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Author Topic: When testing untrustworthy software, remember virtual machines can be escaped  (Read 953 times)

mouser

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For those of us who occasionally test "untrustworthy" software from sources we can't be sure of, using a virtual machine is generally considered "safe".  Whatever happens in a virtual machine stays in a virtual machine -- or so we hope.

This is just a reminder that malware authors are actively trying to find ways to break out of virtual machines and infect the host pc, and to be careful.

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Contestants at this year's Pwn2Own hacking competition in Vancouver just pulled off an unusually impressive feat: they compromised Microsoft's heavily fortified Edge browser in a way that escapes a VMware Workstation virtual machine it runs in. The hack fetched a prize of $105,000, the highest awarded so far over the past three days.


cranioscopical

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So one should be cagey?

Deozaan

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That's why I always test untrustworthy software on Amazon instances. Let them deal with the malware. :D :P

(I don't actually do that.)

wraith808

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(I don't actually do that.)

(That you'll admit :))

panzer

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I used to test software on CIA's computers but one day they said that I have managed to infect their entire grid with malware they created and that I have to test software at NSA from now on.

Shades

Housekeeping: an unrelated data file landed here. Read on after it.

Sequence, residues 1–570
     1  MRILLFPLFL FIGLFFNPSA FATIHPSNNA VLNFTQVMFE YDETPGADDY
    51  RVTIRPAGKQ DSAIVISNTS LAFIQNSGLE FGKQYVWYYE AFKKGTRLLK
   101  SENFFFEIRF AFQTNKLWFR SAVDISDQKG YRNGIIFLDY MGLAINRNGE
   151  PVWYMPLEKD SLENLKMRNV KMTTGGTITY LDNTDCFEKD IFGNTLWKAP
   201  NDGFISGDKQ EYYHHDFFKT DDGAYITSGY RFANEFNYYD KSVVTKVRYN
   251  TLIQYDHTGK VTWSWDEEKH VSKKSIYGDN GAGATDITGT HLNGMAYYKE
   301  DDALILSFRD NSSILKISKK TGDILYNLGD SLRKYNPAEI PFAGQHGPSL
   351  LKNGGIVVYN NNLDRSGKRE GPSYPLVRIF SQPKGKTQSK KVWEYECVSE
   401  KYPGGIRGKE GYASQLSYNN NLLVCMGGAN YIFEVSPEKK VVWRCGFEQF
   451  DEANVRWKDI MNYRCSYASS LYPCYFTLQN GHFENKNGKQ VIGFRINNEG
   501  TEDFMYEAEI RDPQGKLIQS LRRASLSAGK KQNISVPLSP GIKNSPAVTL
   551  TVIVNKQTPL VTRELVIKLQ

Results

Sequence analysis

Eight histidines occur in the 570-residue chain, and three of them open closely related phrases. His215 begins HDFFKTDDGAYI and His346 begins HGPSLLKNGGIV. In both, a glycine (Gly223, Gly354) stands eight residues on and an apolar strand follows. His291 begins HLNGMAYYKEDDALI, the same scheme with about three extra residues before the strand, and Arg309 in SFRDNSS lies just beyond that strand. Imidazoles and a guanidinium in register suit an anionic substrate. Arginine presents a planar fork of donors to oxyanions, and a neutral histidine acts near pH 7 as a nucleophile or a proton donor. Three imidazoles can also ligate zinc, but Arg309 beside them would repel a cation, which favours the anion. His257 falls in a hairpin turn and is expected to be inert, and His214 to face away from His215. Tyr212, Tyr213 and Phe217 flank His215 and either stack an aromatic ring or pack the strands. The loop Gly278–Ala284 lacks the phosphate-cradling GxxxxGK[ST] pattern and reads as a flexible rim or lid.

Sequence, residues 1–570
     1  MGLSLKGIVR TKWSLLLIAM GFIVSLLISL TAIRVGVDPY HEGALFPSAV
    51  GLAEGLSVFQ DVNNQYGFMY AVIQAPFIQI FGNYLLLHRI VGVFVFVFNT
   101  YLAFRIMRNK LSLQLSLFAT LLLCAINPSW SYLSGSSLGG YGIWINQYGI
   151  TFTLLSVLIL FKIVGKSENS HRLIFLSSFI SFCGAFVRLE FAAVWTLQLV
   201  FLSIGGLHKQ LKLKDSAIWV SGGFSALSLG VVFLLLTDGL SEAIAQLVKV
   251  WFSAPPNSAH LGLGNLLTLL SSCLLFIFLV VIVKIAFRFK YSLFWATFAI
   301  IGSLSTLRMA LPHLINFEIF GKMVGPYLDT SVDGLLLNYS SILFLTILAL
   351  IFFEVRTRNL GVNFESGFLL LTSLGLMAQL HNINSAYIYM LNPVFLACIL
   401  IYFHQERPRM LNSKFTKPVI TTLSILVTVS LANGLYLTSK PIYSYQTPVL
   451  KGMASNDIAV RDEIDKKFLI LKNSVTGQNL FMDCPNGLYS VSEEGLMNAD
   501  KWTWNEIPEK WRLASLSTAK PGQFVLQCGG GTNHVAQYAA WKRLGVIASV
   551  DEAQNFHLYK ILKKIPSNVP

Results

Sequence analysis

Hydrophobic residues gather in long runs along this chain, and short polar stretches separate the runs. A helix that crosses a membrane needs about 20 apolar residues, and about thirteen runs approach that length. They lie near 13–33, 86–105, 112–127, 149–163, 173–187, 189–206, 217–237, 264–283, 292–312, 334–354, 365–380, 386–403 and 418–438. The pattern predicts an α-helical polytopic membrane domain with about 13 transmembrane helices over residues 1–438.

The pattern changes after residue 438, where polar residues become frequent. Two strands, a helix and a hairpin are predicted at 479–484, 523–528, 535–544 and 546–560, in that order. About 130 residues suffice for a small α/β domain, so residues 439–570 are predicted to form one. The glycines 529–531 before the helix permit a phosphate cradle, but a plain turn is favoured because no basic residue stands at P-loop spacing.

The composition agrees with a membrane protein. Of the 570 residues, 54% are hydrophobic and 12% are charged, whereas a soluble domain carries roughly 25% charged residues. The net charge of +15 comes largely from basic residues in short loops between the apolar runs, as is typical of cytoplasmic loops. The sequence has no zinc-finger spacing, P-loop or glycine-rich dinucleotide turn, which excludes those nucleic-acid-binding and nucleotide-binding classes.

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So one should be cagey?


The "vault" at fault, you could say...  :P

MilesAhead

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Amazon instances

It may be best to use digital paper.  Burn it when done.  :)

cranioscopical

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So one should be cagey?


The "vault" at fault, you could say...  :P

You know that this will end in gridlock.

MilesAhead

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So one should be cagey?


The "vault" at fault, you could say...  :P

No doubt a combination of factors caused it to take a tumble.

f0dder

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While VMs can be escaped, you should keep in mind that a VM escape is an extremely valuable 0day.

So, if you get a piece of "interesting software" containing a VM escape, there's basically two scenarios:

1) you're targeted by a nation-state, YOU'RE GONNA DIE AND THERE'S NOTHING THAT YOU CAN DO ABOUT IT.
2) you're dealing with a potentially nasty piece of malware, but it's using publically-known escape techniques.

Keep your VM software up-to-date! And don't even think about using sandboxing/containerizing software for testing BadStuff.

PS: while you're not super likely to find VM-escape in the wild, it's a lot more common for malware to have VM detection - meaning it won't activate when running in a VM, so it lulls you into a false feeling of safety.
- carpe noctem

mouser

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F0dder -- thank you for your wisdom -- very helpful.


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PS: while you're not super likely to find VM-escape in the wild, it's a lot more common for malware to have VM detection - meaning it won't activate when running in a VM, so it lulls you into a false feeling of safety.

Excellent point I hadn't even considered.